Supply to the world from Russia, meanwhile, is affected by both international sanctions imposed on Moscow as well as the disruption of shipping routes by war.

Many countries are facing a supply crisis. Egypt and Lebanon depend on Ukraine and Russia for more than two-thirds of their wheat imports. In Thailand, almost a third of wheat imports come from Ukraine and Russia. Two-thirds of Malaysia’s sunflower oil imports also come from Russia and Ukraine.

Food prices are rising rapidly. A World Bank index that tracks the cost of food is more than 80% higher than two years ago. Food prices are expected to rise by 20% this year.

Poor countries directly affected cannot help small farmers plant crops, which in turn could fill gaps in the global system. Nor can they support social safety nets to guarantee access to food.

Turkey, Lebanon, Iraq and Somalia depend heavily on Ukraine for their food. Drought-affected countries in the Horn of Africa have suffered consequential consequences as they run out of grain from Ukraine, affecting countries such as Kenya, Tanzania, Rwanda, Uganda and especially the Republic Democratic Republic of the Congo. Innocent Africans must also bear the ill effects of climate change – food insecurity. The follow-on effects also affected Central and South America.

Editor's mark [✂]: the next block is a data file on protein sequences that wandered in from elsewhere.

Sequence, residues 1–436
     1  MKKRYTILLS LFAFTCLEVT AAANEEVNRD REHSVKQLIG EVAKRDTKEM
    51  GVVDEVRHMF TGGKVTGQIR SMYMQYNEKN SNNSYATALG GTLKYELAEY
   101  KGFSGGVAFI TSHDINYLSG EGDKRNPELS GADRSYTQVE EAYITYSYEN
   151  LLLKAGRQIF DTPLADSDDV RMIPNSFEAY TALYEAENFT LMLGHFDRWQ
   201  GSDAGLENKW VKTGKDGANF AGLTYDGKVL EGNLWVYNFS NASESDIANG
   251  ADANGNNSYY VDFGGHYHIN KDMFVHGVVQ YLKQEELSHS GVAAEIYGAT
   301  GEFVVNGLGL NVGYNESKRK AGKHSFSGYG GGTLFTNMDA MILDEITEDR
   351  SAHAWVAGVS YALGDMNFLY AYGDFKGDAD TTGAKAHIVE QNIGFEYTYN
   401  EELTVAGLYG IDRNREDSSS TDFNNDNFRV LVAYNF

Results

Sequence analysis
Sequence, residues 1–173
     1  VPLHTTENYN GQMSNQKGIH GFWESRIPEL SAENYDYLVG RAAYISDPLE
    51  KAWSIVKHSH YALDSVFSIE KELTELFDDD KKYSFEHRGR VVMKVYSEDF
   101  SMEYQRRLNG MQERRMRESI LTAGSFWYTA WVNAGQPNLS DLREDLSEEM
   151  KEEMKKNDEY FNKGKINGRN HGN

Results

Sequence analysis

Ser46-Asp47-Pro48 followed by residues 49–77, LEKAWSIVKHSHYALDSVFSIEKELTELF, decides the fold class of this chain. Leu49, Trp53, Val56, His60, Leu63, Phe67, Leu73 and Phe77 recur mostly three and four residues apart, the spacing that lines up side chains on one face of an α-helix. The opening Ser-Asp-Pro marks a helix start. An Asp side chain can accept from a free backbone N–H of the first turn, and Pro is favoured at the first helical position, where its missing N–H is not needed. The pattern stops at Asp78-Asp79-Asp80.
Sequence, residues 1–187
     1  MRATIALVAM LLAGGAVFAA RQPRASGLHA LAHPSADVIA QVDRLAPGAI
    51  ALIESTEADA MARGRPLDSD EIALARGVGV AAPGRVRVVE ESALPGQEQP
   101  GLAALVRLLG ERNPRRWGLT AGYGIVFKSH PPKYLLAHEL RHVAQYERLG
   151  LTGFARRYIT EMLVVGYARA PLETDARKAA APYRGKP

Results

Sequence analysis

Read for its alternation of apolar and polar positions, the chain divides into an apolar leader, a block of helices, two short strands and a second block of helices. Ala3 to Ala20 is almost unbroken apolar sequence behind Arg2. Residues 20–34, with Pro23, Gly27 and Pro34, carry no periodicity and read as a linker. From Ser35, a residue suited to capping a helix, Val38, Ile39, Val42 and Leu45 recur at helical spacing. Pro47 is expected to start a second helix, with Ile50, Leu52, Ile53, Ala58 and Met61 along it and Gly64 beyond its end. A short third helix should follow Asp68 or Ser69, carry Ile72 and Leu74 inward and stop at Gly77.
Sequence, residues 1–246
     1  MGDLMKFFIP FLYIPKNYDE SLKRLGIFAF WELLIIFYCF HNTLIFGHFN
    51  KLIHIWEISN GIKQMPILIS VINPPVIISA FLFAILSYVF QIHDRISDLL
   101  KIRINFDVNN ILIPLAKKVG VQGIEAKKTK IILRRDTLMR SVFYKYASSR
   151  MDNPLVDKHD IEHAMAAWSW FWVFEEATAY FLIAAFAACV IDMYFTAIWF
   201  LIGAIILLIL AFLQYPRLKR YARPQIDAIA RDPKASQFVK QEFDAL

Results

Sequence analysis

Likewise, the supply of fertilizers has been disrupted. Farmers do not receive fertilizer during the planting season. India first increased its releases of raw materials into the global system. But as their harvests plummeted, he began to prioritize his own food security.